You may have seen a TV ad claiming that “nearly 40 percent of [the new revenue] goes to special interests.” Just what are those special interests? They are the public schools your kids go to, your local fire department, the people who make sure you have clean drinking water, the bus services that get you or your neighbors to the doctor’s office, and other essential services. To call public safety and our children’s education “special interests” is not just incorrect, it’s insulting.
The TV ad is also flat-wrong in claiming that Proposal 1 would give Michigan “one of the highest sales taxes in the nation.” In fact, a 7 percent sales tax would put us at number 21 in the country, according to the Tax Foundation.
Now, here’s a breakdown of where the new funding would be put to use. Note that the numbers in bold represent the increase in annual funding for each category, based on projections for the 2017-2018 fiscal year. (We got the following figures from this document.)
Roads: + $1.3 billion
Proposal 1 does have a lot of moving parts, but it ultimately simplifies the way we pay for transportation itself. It guarantees that every penny in state taxes we pay at the pump is used to support transportation.
In the first two years of the proposal’s implementation, a portion of the new revenue would pay down transportation-related debt. After that, state and county road agencies would each get about 40 percent of the revenue, with the remainder going to cities and villages.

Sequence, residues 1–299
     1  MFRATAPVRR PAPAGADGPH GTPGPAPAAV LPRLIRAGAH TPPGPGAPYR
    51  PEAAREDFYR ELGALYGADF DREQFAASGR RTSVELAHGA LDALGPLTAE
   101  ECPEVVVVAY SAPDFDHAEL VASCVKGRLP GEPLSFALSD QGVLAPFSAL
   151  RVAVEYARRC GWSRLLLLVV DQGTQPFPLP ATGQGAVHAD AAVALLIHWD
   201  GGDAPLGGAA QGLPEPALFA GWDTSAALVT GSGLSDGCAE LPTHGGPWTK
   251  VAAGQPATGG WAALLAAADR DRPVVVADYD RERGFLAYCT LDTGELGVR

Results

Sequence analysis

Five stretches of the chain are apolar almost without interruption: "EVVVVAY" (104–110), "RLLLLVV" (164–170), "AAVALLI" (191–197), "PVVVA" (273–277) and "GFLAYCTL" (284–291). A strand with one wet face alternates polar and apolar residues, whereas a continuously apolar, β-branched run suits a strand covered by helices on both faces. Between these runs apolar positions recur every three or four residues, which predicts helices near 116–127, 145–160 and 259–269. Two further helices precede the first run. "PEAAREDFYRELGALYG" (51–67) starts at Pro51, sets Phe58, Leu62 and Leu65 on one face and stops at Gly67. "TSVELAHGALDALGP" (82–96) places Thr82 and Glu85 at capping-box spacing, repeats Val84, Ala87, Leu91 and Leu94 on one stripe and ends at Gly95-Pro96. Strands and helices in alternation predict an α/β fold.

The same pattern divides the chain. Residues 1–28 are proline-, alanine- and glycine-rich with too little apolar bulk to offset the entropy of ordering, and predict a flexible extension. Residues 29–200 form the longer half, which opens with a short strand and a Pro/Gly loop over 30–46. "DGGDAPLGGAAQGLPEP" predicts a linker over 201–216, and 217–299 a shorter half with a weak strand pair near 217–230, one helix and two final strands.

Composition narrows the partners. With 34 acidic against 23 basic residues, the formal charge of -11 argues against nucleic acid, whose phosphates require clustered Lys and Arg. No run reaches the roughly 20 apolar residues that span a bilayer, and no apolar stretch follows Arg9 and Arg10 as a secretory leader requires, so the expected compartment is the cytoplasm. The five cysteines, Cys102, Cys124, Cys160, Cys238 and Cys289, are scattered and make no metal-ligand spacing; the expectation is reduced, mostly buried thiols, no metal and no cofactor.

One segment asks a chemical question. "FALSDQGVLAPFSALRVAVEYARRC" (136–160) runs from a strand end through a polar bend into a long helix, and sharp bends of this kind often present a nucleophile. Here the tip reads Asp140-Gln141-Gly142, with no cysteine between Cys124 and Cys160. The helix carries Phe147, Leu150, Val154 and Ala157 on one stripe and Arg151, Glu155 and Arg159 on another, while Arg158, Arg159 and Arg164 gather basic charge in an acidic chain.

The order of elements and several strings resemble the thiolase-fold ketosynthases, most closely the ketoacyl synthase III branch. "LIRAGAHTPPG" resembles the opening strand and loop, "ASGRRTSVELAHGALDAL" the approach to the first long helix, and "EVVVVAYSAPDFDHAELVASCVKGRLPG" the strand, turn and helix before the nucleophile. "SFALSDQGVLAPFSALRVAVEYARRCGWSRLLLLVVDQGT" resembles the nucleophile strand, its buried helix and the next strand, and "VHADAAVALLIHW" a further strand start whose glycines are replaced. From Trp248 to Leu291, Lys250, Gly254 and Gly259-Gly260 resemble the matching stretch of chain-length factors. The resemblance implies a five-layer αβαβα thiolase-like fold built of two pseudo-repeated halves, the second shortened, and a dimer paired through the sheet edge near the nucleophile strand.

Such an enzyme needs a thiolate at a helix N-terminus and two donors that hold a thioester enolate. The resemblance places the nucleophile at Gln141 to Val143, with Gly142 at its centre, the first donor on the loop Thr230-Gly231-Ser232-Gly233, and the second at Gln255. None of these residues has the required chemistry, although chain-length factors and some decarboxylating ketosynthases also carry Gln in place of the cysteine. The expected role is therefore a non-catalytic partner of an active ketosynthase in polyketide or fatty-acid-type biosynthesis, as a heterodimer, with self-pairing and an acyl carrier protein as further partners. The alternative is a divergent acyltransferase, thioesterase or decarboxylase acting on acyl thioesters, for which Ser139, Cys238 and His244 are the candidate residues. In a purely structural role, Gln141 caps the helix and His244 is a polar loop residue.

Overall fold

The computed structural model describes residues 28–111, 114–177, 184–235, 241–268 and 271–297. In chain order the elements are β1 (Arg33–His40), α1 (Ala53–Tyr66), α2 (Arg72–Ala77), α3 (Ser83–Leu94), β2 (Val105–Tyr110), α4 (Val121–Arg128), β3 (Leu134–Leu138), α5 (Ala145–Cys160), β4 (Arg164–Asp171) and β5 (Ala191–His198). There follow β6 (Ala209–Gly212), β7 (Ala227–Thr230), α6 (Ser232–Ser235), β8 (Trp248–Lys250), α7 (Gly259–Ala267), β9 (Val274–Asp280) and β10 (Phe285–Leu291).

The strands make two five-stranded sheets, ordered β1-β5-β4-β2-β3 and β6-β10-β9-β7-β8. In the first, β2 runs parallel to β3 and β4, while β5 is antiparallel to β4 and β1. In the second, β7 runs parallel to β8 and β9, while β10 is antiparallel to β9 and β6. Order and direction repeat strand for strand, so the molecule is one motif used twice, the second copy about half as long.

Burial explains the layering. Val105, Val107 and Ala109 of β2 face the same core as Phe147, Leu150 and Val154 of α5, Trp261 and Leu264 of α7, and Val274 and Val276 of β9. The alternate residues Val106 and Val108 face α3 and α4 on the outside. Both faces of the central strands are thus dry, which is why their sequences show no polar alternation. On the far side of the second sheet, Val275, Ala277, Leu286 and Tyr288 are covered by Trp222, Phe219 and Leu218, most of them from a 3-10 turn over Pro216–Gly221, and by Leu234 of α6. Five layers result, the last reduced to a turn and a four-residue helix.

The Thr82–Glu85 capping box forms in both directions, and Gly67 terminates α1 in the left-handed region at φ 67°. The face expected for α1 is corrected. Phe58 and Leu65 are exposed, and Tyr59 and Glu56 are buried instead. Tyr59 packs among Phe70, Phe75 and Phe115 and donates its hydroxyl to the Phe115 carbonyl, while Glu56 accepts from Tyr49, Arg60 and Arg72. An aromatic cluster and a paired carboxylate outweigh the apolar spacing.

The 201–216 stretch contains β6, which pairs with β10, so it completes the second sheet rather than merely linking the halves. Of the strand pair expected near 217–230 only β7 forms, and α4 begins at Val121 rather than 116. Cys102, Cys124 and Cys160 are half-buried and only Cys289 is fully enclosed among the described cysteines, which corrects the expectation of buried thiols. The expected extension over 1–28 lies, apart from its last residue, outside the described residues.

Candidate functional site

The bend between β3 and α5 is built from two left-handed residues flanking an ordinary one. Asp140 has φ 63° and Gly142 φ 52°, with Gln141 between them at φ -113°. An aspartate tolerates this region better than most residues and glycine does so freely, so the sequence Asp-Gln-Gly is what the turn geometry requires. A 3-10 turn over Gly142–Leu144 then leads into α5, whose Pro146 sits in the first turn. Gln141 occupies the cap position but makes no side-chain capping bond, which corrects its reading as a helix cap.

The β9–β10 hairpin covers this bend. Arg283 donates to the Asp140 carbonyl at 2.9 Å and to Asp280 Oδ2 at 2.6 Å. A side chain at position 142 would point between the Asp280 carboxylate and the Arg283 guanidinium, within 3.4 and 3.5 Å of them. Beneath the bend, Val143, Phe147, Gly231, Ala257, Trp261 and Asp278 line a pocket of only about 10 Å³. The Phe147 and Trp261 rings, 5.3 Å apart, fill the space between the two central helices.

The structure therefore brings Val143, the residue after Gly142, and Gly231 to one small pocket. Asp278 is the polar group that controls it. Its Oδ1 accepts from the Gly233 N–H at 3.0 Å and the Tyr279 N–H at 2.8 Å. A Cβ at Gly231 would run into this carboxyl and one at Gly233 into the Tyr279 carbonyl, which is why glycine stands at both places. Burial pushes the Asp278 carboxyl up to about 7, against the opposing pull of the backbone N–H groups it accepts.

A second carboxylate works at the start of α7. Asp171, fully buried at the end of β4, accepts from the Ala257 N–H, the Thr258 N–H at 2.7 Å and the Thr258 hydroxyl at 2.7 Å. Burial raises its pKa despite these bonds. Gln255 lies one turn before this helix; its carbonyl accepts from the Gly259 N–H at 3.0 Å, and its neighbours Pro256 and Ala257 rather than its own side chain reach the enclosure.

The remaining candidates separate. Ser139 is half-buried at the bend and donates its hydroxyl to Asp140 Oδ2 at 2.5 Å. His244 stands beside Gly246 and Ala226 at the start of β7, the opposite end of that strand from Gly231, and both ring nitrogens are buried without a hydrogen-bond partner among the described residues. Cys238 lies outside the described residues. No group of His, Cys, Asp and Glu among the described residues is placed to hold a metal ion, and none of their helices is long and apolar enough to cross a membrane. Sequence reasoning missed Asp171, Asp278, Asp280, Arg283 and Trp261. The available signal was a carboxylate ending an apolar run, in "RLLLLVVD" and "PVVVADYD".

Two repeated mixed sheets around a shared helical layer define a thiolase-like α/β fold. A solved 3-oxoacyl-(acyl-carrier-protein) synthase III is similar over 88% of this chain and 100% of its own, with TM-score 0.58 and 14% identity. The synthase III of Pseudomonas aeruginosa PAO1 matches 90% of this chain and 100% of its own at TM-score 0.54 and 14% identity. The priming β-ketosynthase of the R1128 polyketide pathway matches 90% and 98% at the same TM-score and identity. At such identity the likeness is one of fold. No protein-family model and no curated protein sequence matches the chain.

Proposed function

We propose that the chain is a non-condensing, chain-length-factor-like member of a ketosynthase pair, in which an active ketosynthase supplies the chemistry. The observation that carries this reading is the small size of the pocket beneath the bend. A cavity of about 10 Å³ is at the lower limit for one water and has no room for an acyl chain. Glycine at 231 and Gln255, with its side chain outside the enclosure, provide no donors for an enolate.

School Aid Fund: + $200 million
The proposal also guarantees that every penny of the School Aid Fund supports K-12 education and community colleges. It would provide schools with an additional $292 million in the first year the plan is implemented, and level off to $200 million a year beginning in fiscal year 2018.
If Proposal 1 does not pass, schools not only won’t get more money, but will likely lose money as more general fund dollars are diverted to help make up for the shortfall in transportation funding. It’s also worth noting that better roads will help schools save additional money by reducing maintenance costs for their bus fleets.
Public transit and passenger rail: + $116 million
We’ve said it here before, but it bears repeating: Public transit in Michigan has not seen a structural funding increase since 1987. (By structural increase, we mean an increased slice of the pie. Transit may have seen overall increases in some years, but only because the pie itself grew, due to more fuel purchased or other factors.)